Based in Birsfelden, Switzerland Vitra is a Swiss family-owned furniture and accessories manufacturer dedicated to developing healthy, intelligent, inspiring and durable solutions for the home, the office and public spaces.
Founded by Willi and Erika Fehlbaum in 1934, Vitra started life as a shop-fitting business but in the 1950s son Rolf Fehlbaum set up the Vitra furniture manufacturing company in Weil am Rhein, Germany. Vitra entered the furniture market with a license from the American based Herman Miller Company allowing them to produce its products in Europe.
The Herman Miller collection used mainly designs by Charles and Ray Eames and George Nelson including George Nelson’s world famous Marshmallow sofa. In 1967 the company introduced Verner Panton’s Panton Chair which was the first cantilever chair made out of plastic. The most iconic design though is perhaps the Eames Lounge Chair and Ottoman which is produced in a range of wood finishes and leathers, including the white version launched in 2008 and a larger version to the original classic which was launched in 2011.
During the 1970s Vitra’s growing reputation for high-quality and innovative design was further enhanced by Rolf Felbaum who was made chief executive in 1977. Rolf’s dedication to great design was ever present when he commissioned highly skilled, contemporary architects to design new company buildings after a fire destroyed a large part of the Weil am Rhein factory in 1981.
The architects involved sought to create buildings that harmonised with both the surrounding residential areas and the natural landscape. The result is a diverse ensemble of inspiring structures with incredible density and quality which have made the architectural park an attraction for fans of architecture the world over. The architecture critic Philip Johnson once wrote: “Not since the Weissenhofsiedlung in Stuttgart in 1927 has there been a gathering in a single place of a group of buildings designed by the most distinguished architects in the Western world.”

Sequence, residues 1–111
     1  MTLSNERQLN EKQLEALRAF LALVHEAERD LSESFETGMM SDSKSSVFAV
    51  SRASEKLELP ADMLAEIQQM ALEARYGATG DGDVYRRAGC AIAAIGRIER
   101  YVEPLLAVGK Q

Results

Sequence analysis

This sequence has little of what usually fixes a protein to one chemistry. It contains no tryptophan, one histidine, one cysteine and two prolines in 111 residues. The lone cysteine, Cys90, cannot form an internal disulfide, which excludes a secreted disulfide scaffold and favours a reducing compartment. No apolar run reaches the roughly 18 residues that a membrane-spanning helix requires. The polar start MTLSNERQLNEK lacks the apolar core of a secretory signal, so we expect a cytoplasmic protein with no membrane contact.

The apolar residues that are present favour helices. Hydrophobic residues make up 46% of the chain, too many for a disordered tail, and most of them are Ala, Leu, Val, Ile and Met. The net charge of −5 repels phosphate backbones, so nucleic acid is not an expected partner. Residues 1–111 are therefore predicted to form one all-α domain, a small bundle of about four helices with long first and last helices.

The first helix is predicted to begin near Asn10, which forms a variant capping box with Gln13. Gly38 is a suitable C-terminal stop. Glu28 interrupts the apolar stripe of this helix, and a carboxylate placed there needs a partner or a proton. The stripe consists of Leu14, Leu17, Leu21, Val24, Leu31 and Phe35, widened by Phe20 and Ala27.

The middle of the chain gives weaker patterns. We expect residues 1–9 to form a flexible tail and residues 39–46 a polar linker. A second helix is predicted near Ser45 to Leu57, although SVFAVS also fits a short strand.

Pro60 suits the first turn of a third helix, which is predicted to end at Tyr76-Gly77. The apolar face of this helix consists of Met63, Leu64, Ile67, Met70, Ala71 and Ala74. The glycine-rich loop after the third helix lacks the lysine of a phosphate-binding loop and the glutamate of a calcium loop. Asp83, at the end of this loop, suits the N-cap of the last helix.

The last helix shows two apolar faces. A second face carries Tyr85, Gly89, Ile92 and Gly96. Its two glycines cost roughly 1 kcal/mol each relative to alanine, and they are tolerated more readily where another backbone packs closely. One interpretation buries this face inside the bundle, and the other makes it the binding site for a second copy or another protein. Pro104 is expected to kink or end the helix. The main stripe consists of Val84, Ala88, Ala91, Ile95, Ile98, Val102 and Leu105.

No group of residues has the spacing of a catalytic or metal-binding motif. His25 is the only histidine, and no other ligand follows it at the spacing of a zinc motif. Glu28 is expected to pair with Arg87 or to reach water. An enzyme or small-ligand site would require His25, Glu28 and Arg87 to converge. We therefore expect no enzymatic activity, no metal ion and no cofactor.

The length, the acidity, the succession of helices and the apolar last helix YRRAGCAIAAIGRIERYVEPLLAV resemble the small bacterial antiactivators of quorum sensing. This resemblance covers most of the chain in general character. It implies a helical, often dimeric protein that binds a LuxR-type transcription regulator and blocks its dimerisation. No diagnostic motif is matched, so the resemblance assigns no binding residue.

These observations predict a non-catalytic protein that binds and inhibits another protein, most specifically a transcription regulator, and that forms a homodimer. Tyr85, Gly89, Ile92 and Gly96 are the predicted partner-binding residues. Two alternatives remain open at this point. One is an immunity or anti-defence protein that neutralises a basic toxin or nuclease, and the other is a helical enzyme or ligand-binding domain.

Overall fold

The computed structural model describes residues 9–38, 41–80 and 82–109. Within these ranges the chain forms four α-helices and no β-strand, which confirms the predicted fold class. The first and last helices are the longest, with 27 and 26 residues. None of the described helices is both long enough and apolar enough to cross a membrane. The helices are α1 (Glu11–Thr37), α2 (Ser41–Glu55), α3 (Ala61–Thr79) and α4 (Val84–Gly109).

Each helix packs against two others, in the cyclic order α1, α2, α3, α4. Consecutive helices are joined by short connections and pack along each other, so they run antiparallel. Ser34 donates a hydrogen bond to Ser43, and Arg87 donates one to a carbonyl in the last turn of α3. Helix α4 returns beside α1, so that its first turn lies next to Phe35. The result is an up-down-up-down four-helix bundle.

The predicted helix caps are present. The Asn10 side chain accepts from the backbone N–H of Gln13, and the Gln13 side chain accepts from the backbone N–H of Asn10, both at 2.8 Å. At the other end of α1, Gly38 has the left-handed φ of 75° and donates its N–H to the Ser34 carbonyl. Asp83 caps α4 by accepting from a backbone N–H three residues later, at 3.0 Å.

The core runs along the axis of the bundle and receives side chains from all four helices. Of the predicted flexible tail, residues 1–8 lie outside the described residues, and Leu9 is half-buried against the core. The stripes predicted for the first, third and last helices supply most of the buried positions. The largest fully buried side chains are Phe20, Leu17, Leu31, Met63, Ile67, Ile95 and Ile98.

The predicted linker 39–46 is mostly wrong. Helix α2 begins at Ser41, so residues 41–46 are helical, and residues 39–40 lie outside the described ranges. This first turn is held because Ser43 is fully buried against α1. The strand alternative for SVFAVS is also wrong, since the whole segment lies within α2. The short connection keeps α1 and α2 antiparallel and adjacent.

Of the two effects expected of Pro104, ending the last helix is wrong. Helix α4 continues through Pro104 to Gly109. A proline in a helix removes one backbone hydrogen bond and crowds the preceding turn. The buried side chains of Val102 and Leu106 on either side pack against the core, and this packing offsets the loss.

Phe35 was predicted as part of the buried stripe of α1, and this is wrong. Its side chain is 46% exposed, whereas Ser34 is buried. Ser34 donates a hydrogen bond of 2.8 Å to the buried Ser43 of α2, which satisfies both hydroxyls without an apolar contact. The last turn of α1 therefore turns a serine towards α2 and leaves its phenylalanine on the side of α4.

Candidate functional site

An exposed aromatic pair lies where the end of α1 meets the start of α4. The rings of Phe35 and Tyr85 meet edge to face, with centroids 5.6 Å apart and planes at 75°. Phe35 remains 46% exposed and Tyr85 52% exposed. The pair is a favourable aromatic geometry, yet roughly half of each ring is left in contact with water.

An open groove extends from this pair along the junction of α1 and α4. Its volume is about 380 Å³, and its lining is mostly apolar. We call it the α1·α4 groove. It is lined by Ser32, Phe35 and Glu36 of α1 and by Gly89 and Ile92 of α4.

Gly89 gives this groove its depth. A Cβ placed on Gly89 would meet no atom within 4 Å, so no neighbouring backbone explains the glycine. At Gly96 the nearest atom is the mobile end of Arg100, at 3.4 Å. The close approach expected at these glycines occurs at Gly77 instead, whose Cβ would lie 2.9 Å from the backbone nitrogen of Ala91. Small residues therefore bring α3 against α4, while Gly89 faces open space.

Now known as the Vitra Campus the site includes a Manufacturing Hall by British architect Nicholas Grimshaw, a Conference Building by Japanese architect Tadao Ando, a Fire Station by Zaha Hadid, Factory Building, Passage Cover and Car Parking by Alvaro Siza, the VitraHaus by Herzog & de Meuron and the world-famous Vitra Design Museum by Frank Gehry, the first public building on the campus.
The Vitra Design Museum came from a desire to combine and make accessible two furniture collections – one compiled by Rolf Fehlbaum for Vitra starting in the early 1980s, the other that Alexander von Vegesack began as a personal initiative in the late 1960s. These ever growing collections of have evolved from around 1000 objects in the 1980s to approximately 6000 pieces today.
In recent decades Vitra has became widely regognised as a fashionable manufacturer of high quality, well designed furniture ranging from well known Mid-Century Modern pieces to present-day future classics. In the 1980s Vitra launched its ‘Vitra Editions’ initiative which commissioned experimental designs from a range of designers including Ron Arad, Frank O. Gehry, Shiro Kuramata, Alessandro Mendini, Ettore Sottsass, Borek Sípek and Philippe Starck. Amongst the best-known chairs commissioned by the scheme are Kuramata’s 1986 ‘How High the Moon’ Sípek's 1988 Ota Otanek chair and Philippe Starck's 1992 Louix XX stacking chair.
Vitra products have received numerous design-related awards and have been used in a wide range of high-profile settings, including the Tate Modern in London, the Centre Pompidou in Paris, Deutsche Bank headquarters in Frankfurt, Dubai International Airport and the Munich International Airport. In 1994 Rolf Fehlbaum was given the Lucky Strike Design Award.
Today Vitra manufactures the furniture and works of many internationally renowned designers notably Charles & Ray Eames, Isamu Noguchi, Jasper Morrison, Edward Barber & Jay Osgerby (BarberOsgerby) , Verner Panton, George Nelson, Antonio Citterio, Jean Prouve, Alexander Girard, Antonio Citterio, Frank Gehry, Alberto Meda, Maarten van Severen, Ronan, Hella Jongerius and Erwan Bouroullec.